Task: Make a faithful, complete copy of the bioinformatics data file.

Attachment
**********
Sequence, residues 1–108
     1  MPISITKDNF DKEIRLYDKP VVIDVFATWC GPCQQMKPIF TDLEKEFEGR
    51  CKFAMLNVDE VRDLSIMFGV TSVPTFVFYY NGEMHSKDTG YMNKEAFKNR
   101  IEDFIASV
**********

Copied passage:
Sequence, residues 1–108
     1  MPISITKDNF DKEIRLYDKP VVIDVFATWC GPCQQMKPIF TDLEKEFEGR
    51  CKFAMLNVDE VRDLSIMFGV TSVPTFVFYY NGEMHSKDTG YMNKEAFKNR
   101  IEDFIASV